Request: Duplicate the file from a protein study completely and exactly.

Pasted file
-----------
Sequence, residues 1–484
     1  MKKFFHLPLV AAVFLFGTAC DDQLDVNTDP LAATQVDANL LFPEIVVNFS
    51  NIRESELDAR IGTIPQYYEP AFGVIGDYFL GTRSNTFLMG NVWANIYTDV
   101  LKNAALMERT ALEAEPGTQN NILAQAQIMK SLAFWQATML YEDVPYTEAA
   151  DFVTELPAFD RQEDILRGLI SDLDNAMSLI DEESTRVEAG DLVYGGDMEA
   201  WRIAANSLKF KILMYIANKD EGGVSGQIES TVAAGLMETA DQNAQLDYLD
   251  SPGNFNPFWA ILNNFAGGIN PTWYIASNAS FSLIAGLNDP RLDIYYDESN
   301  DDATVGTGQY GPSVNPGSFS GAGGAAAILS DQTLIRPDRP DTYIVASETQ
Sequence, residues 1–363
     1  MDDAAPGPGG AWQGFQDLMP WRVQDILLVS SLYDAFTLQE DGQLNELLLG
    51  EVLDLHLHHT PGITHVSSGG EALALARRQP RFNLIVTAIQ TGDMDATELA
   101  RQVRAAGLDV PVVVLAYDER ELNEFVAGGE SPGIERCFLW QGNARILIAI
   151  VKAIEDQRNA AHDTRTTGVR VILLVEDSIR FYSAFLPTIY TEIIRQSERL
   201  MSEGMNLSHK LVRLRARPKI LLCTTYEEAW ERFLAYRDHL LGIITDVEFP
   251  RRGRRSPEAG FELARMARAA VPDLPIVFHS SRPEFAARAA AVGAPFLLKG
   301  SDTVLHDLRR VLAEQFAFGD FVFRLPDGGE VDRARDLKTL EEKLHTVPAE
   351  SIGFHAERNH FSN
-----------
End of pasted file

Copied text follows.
Sequence, residues 1–484
     1  MKKFFHLPLV AAVFLFGTAC DDQLDVNTDP LAATQVDANL LFPEIVVNFS
    51  NIRESELDAR IGTIPQYYEP AFGVIGDYFL GTRSNTFLMG NVWANIYTDV
   101  LKNAALMERT ALEAEPGTQN NILAQAQIMK SLAFWQATML YEDVPYTEAA
   151  DFVTELPAFD RQEDILRGLI SDLDNAMSLI DEESTRVEAG DLVYGGDMEA
   201  WRIAANSLKF KILMYIANKD EGGVSGQIES TVAAGLMETA DQNAQLDYLD
   251  SPGNFNPFWA ILNNFAGGIN PTWYIASNAS FSLIAGLNDP RLDIYYDESN
   301  DDATVGTGQY GPSVNPGSFS GAGGAAAILS DQTLIRPDRP DTYIVASETQ
Sequence, residues 1–363
     1  MDDAAPGPGG AWQGFQDLMP WRVQDILLVS SLYDAFTLQE DGQLNELLLG
    51  EVLDLHLHHT PGITHVSSGG EALALARRQP RFNLIVTAIQ TGDMDATELA
   101  RQVRAAGLDV PVVVLAYDER ELNEFVAGGE SPGIERCFLW QGNARILIAI
   151  VKAIEDQRNA AHDTRTTGVR VILLVEDSIR FYSAFLPTIY TEIIRQSERL
   201  MSEGMNLSHK LVRLRARPKI LLCTTYEEAW ERFLAYRDHL LGIITDVEFP
   251  RRGRRSPEAG FELARMARAA VPDLPIVFHS SRPEFAARAA AVGAPFLLKG
   301  SDTVLHDLRR VLAEQFAFGD FVFRLPDGGE VDRARDLKTL EEKLHTVPAE
   351  SIGFHAERNH FSN